Contact lenses that darken under sunlight coming in 2019

/ 05:45 PM April 16, 2018

New Acuvue Oasys with Transitions Light Intelligent Technology™ first of its kind contact lens provides wearers with vision correction and quickly and seamlessly adjusts from clear to dark in response to changing light conditions. Image: PRNewsfoto/Johnson & Johnson Vision Care

Contact lens that adjust based on light intensity may be the next big vision correction product next year.

Johnson & Johnson Vision, a company specializing in producing eye care products, partnered with Transitions Optical to create the Acuvue Oasys contact lenses. These contact lenses adjust to available light by “darkening” the lens in a similar manner to the Transitions adaptive glasses.


Oasys will be reusable up to two weeks and will be marketed by Johnson & Johnson Vision Care, Inc. according to a joint statement.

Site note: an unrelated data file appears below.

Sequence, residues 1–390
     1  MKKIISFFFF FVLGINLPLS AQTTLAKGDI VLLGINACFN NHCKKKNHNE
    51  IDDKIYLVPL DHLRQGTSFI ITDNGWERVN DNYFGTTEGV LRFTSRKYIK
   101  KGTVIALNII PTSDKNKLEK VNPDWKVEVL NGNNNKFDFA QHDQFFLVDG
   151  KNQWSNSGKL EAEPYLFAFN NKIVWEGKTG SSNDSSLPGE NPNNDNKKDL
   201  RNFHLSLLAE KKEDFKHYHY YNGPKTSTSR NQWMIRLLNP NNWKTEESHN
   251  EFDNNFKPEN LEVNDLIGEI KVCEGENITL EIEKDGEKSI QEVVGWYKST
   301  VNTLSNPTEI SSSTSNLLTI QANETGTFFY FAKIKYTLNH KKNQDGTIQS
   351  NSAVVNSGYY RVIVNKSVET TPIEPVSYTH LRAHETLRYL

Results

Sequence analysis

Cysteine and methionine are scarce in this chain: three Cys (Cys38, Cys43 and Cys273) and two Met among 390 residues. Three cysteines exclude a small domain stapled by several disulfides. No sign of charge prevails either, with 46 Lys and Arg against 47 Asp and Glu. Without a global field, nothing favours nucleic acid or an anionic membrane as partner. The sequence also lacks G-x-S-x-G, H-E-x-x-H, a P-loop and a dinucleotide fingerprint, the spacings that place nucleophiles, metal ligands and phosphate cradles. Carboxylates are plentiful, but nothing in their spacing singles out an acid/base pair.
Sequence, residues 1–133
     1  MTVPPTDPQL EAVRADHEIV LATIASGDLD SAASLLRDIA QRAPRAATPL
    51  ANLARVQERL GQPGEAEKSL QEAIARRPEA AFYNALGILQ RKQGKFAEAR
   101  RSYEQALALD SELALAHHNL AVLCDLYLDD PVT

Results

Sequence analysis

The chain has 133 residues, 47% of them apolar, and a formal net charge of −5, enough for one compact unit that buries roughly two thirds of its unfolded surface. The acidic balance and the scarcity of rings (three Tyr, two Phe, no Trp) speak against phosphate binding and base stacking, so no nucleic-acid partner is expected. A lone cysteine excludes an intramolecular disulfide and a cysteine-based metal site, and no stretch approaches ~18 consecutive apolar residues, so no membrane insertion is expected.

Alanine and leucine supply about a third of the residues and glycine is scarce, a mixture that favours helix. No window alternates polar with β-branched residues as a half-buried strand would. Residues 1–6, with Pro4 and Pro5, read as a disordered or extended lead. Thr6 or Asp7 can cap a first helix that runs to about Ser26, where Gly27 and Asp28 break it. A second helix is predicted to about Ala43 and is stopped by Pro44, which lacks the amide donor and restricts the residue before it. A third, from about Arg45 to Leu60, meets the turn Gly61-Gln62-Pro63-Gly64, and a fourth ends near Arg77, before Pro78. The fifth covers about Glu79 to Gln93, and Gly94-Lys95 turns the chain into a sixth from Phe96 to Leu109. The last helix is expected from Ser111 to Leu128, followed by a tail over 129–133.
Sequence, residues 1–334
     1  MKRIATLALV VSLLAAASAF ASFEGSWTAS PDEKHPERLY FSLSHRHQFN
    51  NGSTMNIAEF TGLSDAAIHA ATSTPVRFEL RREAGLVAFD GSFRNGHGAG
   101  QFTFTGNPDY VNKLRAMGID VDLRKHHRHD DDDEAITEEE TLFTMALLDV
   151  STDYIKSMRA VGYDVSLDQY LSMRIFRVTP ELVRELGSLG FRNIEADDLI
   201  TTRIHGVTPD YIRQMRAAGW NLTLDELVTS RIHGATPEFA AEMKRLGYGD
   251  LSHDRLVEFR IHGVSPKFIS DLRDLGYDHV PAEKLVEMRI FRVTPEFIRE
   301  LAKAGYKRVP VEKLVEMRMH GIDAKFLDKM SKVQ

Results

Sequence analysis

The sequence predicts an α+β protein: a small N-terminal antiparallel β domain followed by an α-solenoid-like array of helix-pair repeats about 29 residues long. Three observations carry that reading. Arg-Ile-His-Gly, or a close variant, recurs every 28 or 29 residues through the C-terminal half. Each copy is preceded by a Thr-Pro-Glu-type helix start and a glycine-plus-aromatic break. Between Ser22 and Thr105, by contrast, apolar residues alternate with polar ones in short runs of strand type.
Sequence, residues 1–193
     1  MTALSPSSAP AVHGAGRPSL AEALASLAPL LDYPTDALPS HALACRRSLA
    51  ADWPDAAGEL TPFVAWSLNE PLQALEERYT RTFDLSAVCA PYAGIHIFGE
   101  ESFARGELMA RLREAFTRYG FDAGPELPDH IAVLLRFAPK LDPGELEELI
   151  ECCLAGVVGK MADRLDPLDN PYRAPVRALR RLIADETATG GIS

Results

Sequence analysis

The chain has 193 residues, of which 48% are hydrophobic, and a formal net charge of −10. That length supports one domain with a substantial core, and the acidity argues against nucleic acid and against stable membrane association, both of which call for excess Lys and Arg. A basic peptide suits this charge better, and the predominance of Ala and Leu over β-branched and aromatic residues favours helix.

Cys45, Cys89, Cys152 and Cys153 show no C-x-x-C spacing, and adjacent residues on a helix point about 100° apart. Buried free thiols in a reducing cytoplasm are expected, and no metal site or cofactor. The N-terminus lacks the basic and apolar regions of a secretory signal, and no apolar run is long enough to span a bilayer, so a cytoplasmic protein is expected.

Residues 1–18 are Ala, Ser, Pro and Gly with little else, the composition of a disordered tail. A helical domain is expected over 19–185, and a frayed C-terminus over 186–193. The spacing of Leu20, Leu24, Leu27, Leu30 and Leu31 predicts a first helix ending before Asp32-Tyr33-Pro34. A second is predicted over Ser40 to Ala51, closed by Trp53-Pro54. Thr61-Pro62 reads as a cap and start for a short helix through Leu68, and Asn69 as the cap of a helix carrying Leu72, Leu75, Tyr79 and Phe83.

Acuvue Oasys achieves the darkening effect through a light-sensitive dynamic photochromic filter developed by Transitions. This filter interacts with light and attempts to balance how much light gets delivered into the eye. Acuvue provides protection from ultraviolet light and also filters out blue light from indoor light sources.


More than 1,000 patients participated in clinical trials until the United States Food and Drug Administration cleared the Oasys for commercial use. Johnson & Johnson plans to make the contact lenses available by the first half of 2019. JB


New eye drops could make glasses obsolete for people with sight problems

Rare tiny fingernail growing on man’s middle finger discovered by doctors

Newly discovered body organ may explain how cancer spreads

TOPICS: Acuvue Oasys, blue light, Eyesight, ultraviolet light, vision
Read Next
Don't miss out on the latest news and information.
View comments

Subscribe to INQUIRER PLUS to get access to The Philippine Daily Inquirer & other 70+ titles, share up to 5 gadgets, listen to the news, download as early as 4am & share articles on social media. Call 896 6000.

For feedback, complaints, or inquiries, contact us.

© Copyright 1997-2020 INQUIRER.net | All Rights Reserved

We use cookies to ensure you get the best experience on our website. By continuing, you are agreeing to our use of cookies. To find out more, please click this link.